The music was frozen in the grasp of entropy. The whole universe unwound like the gears in a broken clock. The young man was losing his identity, his memories were slipping into confusing dreams. His mind was tangled, rangled like a name that appeared on a blot of paper. The name “Rangle” bobbled to the surface of his mind – it was his name in a distant life, but now there was nothing. He heard the words in his head, “when the music stops you must freeze;” and he wondered what happens when the music starts?
There was always music in the Darkk Museum. The night watchman listened as he made his rounds, through the dank corridors and ancient halls where the city’s most revered treasures were stored. Raymond Rambush was only forty-eight, but he was already old, almost feeble. He was a fine artist, but his art did not sell. His only income came from working as a night watchman. He considered himself lucky to work in a highly esteemed museum where he could study the masterpieces on the walls. There was art and ancient relics on all three floors, but the most amazing contemporary work was stored in the underground museum, not open to the general public. Raymond always struggled. He never had the money to join professional art groups that might sponsor a show of his work. It was difficult getting influential people to come to his studio to look at his art. He was always living on the edge, between life and death, and the unrealistic dream of his art being discovered.
Ambrose Darkk endowed the museum … built it from the ground up as a place to contain his unique art. While Darkk was in charge, the museum was never popular — too many accidents and strange encounters. A year after his disappearance, the Trustees of the museum refurbished the building and stored Darkk’s enigmatic work in the subterranean vaults. New works, mostly cultural artifacts, were placed on the floors that were open to the public. The remake proved popular and an entrance fee was instituted to keep the museum afloat and earn a generous stipend for the trustees. Rumors circulated about Ambrose and his museum, but it only added to the public’s morbid interest; yet, no one wanted to see the work of the artist — old relics were enough to satisfy the viewing public. Darkk inherited the money necessary to build the museum. The artist was filled with a hatred for the public because people dismissed him as a talentless crank. He used his anger to infuse his art. A few collectors humored him because the family had money. Ambrose was aware of the sham. He grew more and more morose until the day he finally disappeared.
Raymond walked the halls and galleys of the Darkk, listening to distant sounds and eerie music that came from the basement. The sounds always led him to the underground vaults where rumors alluded to supernatural occurrences. Raymond saw enough of life to know there was no magic, no uncanny interventions. His life was characterized by tedium and torment … and the desire to create. For Raymond the only magic in life was making art. When he was a young man he desperately tried to break from the bonds of daily drudgery and discover some world beyond the norm. He realized how much he needed magic to make his life meaningful. He tried LSD and other mind altering drugs — he was seduced by strange visions and dreams, but when the drug wore off nothing really changed — he was faced with the dilemma of his sad life in a world where he was not accepted or appreciated. His art languished. His creative juices dried up. He tortured himself trying to regain his creative vision. Raymond threw himself into sexual abandon in hopes of cultivating some truth beyond ordinary reality. He became an object of desire and repulsion — experimenting with physical and mental sadomasochism. He was victim and abuser in satanic rape scenes with men and women. The rituals and fetishes amounted to nothing — no truths and no resolves. He fell to earth like a being from another world — ending in a pit of total despair. Raymond’s despair came from the realization that there was no magic, no alien creatures, and no life beyond death. In his despair he picked up a brush and discovered he could still paint — he was able to make art and that was his only value and function. He accepted the drudgery necessary to keep eating and breathing in order to create.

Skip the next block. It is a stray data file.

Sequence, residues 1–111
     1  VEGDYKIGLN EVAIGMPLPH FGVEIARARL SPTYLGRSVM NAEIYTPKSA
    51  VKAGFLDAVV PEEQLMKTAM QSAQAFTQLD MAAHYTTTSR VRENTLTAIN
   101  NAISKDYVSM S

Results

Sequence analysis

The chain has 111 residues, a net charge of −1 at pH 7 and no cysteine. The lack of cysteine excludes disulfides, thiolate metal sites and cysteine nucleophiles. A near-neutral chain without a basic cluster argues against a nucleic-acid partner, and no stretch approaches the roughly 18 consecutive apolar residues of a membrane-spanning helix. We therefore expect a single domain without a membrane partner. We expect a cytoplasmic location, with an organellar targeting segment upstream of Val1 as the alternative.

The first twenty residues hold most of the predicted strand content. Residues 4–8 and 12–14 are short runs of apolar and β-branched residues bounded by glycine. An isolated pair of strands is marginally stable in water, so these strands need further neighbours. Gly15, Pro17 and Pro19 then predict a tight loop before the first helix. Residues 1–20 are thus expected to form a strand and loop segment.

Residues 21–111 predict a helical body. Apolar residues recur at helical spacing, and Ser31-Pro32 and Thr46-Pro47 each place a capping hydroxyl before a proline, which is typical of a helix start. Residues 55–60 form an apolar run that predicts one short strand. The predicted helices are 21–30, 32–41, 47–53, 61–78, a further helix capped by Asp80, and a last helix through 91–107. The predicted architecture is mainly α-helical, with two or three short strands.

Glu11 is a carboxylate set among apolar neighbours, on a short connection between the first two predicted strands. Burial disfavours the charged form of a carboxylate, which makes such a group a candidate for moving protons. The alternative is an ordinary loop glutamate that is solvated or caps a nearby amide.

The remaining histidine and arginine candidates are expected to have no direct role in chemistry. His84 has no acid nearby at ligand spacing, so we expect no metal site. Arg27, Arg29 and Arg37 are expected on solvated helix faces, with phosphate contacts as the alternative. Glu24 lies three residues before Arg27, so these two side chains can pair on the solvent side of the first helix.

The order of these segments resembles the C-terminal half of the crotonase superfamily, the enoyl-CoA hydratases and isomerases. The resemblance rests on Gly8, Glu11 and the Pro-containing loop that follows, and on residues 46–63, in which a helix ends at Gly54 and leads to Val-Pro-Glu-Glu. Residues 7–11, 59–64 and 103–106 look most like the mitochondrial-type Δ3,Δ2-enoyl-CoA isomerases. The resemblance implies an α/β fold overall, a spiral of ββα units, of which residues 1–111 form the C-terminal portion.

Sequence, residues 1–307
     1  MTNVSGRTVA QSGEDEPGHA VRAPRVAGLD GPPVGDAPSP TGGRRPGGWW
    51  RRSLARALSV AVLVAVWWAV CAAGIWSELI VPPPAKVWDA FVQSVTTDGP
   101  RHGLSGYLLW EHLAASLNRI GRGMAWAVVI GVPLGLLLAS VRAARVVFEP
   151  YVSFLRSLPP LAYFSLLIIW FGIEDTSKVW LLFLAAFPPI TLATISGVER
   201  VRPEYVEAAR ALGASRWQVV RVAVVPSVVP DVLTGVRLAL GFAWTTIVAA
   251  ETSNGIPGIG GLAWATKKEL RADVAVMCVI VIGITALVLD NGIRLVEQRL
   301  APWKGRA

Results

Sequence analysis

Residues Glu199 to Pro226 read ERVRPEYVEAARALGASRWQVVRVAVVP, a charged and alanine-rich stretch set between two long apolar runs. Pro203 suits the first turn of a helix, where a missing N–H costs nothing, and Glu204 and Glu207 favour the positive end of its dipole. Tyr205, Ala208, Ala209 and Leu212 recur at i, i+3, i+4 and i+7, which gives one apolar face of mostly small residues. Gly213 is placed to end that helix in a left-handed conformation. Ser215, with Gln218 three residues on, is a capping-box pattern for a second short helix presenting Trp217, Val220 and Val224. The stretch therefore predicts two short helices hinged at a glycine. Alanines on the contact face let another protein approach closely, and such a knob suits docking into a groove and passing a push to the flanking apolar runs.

Raymond was intrigued by the art in the vaults beneath the museum. The Paintings by Ambrose Darkk were primitive, yet oddly disturbing. They did not seem particularly sophisticated — filled with childlike splashes in a maze of atmospheric delirium, but the more he studied the art the more intrigued he became. Raymond began to see images in the paintings. The “altered music” became louder the longer he lingered. Night after night, Raymond spent more time in the vaults. His mind played tricks — he knew the wraiths he saw were merely shadows caused by his subconscious need for hallucinatory stimulation. A particular dark shadow frequently appeared. Raymond imagined it was the remains of Ambrose Darkk, appearing as some sort of necromancer. The paintings seemed to change. Faces appeared and vanished. Each canvas was a portrait — each told a story. Raymond no longer walked the halls of the museum — he spent all night in the vault. The portraits were alive. He heard them scream, but he could not tear himself away. One night, Raymond saw a blank canvas in the Darkk Vault. The next night he saw a man dressed in black like a shadow sitting in front of the blank canvas with brushes and paint. Ambrose Darkk was painting the soul of Raymond Rambush. The music stopped.